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Flash Extensions

by Jon (Updated on 2015-10-25)


Engine Extensions
Advanced Topics
Toolset Extensions

Contents

  • Introduction
  • Prerequisites
  • How To: Creating a Flash Extension
  • Example: Base 64 Encoding/Decoding

Introduction

Creating a Flash extension is necessary if you wish to import a custom SWF or SWC. For example, a common use case is to import a sponsor’s API.

Prerequisites

Please read our main extensions guide before reading this one. It covers the basic concepts behind engine extensions.

How To: Creating a Flash Extension

Assume that [WORKSPACE] refers to the path to your Stencyl workspace (find it using Debug > View > View Workspace Folder).

Step 1: Copy the Template

Under [WORKSPACE]/engine-extensions/, copy the “test-flash” extension to a new folder. Give that folder a new name.

Step 2: Copy in the Flash library

Replace library.swf with the SWF you wish to import.

If you have a SWC library, you need to extract the SWF that resides inside of it. To do this, rename the SWC to a ZIP and extract its contents. The SWF will be inside. Use that.

Step 3: The Rest

  1. Edit info.txt with your extension's details.

  2. Replace icon.png with your own 32 x 32 icon.

  3. Rename and edit TestFlash.hx to meet your needs (e.g. you want to build an API around the library). If you don’t want or need a source file, you can safely delete it and call the SWF’s functions directly from the game.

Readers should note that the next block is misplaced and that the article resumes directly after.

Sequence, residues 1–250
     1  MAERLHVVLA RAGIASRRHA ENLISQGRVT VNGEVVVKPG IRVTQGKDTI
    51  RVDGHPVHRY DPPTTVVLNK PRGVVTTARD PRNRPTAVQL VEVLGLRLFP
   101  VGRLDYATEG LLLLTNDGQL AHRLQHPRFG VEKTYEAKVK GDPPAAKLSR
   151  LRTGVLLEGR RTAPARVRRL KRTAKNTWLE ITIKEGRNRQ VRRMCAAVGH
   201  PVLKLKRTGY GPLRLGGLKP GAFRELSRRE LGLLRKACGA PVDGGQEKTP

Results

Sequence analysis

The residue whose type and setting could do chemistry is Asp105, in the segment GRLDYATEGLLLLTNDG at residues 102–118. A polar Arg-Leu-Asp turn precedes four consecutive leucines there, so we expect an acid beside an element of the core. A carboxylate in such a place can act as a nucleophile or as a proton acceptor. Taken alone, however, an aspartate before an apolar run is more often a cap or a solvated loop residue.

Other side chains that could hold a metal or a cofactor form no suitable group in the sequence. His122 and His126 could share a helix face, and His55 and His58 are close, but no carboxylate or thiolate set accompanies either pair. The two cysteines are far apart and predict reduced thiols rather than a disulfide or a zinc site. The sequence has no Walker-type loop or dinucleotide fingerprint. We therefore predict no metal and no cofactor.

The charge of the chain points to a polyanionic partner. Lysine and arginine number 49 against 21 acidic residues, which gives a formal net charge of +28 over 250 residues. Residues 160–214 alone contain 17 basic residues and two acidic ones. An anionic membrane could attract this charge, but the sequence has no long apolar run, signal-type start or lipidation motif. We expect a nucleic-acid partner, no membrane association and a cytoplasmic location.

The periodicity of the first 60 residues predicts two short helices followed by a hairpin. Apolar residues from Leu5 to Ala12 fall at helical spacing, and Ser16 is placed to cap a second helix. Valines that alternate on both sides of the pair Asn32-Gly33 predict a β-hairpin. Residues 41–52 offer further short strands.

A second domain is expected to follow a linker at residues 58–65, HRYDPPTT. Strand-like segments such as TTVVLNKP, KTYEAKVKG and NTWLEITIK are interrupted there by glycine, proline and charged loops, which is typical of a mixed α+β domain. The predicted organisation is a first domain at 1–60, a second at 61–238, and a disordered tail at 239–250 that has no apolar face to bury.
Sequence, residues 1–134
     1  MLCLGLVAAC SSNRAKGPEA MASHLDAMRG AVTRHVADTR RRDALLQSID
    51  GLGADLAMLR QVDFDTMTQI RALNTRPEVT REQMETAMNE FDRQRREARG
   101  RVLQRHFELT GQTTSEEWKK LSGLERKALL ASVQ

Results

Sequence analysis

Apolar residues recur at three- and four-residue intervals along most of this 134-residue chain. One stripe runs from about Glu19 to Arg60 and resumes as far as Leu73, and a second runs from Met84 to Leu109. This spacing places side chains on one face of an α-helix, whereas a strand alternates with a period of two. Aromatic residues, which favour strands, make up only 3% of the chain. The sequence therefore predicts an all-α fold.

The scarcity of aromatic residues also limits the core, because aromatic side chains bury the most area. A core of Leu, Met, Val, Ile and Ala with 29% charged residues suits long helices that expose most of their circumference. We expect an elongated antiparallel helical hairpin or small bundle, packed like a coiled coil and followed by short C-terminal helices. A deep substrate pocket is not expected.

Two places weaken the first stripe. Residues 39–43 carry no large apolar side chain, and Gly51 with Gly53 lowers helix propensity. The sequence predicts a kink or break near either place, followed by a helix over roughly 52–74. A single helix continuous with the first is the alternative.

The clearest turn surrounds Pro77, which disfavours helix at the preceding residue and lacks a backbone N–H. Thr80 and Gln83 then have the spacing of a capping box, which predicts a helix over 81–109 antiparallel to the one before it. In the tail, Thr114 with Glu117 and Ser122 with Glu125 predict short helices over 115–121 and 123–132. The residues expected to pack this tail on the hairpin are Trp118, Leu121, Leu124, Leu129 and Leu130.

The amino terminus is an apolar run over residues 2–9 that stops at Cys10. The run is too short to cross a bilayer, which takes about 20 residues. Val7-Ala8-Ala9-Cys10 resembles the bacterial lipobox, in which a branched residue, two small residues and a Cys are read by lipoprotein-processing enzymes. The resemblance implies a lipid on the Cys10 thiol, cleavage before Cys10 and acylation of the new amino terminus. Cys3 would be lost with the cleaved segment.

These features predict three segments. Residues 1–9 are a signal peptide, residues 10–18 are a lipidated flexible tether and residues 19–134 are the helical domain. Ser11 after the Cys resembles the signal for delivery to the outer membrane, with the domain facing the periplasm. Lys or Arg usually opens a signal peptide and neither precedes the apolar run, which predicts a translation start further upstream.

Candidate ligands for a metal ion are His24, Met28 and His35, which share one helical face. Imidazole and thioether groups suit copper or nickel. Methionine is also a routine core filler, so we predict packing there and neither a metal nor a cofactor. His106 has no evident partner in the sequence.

4. (Optional) Edit blocks.xml if you want to add some custom blocks that expose the Flash library's functionality.

That’s it. Once your extension is ready, open a game, enable the extension, save -> close -> reopen and finally test the game. If you’ve done everything correctly, the extension will work.

Example: Base 64 Encoding/Decoding

The test-flash extension is built around a base64 encoding/decoding library. If you open up TestFlash.hx, you'll find the following source.

import by.blooddy.crypto.Base64;
import flash.utils.ByteArray;

class TestFlash
{
    public static function base64Encode(s:String)
      {
            var byteArray = new ByteArray();
            byteArray.writeMultiByte(s, "iso-8859-1");
            trace(Base64.encode(byteArray, true));
      }
}

The big idea is that Haxe can directly make calls to functions in the SWF / SWC you've imported. This is pretty powerful and makes it relatively easy to integrate sponsors' API's.

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Disclaimer: Use comments to provide feedback and point out issues with the article (typo, wrong info, etc.). If you're seeking help for your game, please ask a question on the forums. Thanks!

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